Tony Pérez

Atanacio "Tony" Pérez Rigal (born May 14, 1942), is a Cuban-American former professional baseball player, manager and a member of the Baseball Hall of Fame. He played as a first baseman and third baseman in Major League Baseball, most notably for the Cincinnati Reds. Variously nicknamed "Big Dog", "Big Doggie", "Doggie", and "The Mayor of Riverfront",[1][2] the slugging seven-time All-Star earned two World Series rings during a twenty-three year playing career, and one World Series ring as a coach.

Along with fellow stars Pete Rose and Johnny Bench, Pérez was a key member of Cincinnati's celebrated "Big Red Machine". Following a thirteen-year initial stint with the Reds (1964–76), he played for the Montreal Expos (1977–79), Boston Red Sox (1980–82) and Philadelphia Phillies (1983) before returning to Cincinnati for his final three seasons (1984–86). He finished his career with a .279 batting average, 379 home runs, 1,652 runs batted in and 1,272 runs scored.

After retiring, Pérez went on to coach and later manage the Reds and the Florida Marlins. From 1993 through the 2017 season, he was Special Assistant to the General Manager with the Marlins.[3]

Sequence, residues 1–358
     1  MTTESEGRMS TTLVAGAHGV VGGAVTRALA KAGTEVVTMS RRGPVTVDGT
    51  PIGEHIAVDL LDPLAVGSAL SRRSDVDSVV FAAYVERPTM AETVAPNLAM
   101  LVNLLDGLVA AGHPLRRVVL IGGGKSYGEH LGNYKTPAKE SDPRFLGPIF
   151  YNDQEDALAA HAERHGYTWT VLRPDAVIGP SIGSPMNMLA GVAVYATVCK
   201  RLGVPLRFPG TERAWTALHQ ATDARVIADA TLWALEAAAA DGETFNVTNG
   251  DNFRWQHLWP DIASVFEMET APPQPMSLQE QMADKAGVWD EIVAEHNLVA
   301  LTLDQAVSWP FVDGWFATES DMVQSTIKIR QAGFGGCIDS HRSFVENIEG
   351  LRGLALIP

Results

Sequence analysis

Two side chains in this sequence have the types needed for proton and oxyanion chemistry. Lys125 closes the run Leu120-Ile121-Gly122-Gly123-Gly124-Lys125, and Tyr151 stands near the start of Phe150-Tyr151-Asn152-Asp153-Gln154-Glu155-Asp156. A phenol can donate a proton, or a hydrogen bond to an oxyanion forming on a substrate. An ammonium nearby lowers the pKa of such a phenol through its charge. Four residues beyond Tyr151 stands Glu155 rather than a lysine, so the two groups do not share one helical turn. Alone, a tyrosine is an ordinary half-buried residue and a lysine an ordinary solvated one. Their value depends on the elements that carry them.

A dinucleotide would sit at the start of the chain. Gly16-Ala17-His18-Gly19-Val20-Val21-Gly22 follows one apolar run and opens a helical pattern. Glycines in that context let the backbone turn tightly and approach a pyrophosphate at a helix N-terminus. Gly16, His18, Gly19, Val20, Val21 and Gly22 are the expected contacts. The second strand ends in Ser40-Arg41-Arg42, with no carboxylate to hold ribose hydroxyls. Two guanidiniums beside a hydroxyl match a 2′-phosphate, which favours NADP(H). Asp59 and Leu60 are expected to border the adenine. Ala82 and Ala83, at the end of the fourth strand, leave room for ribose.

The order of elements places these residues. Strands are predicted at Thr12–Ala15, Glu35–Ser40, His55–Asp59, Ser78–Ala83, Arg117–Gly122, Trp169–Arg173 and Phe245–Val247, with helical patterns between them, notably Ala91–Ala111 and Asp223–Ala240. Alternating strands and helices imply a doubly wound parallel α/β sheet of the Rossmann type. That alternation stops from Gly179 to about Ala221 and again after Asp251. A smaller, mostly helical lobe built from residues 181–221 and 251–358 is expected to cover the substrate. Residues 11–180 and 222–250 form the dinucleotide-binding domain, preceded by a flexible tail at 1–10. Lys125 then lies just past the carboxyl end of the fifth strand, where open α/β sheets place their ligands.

He was elected to the Baseball Hall of Fame in 2000.

Tony Pérez
Tony Perez All Star Parade 2008
Pérez at the 2008 All-Star Game Red Carpet Parade
First baseman / Third baseman / Manager
Born: May 14, 1942 (age 77)
Ciego de Ávila, Cuba
Batted: Right Threw: Right
MLB debut
July 26, 1964, for the Cincinnati Reds
Last MLB appearance
October 5, 1986, for the Cincinnati Reds
MLB statistics
Batting average.279
Hits2,732
Home runs379
Runs batted in1,652
Managerial record74–84
Winning %.468
Teams
As player

As manager

Career highlights and awards
Member of the National
Empty Star.svg Empty Star.svg Empty Star.svg Baseball Hall of Fame Empty Star.svg Empty Star.svg Empty Star.svg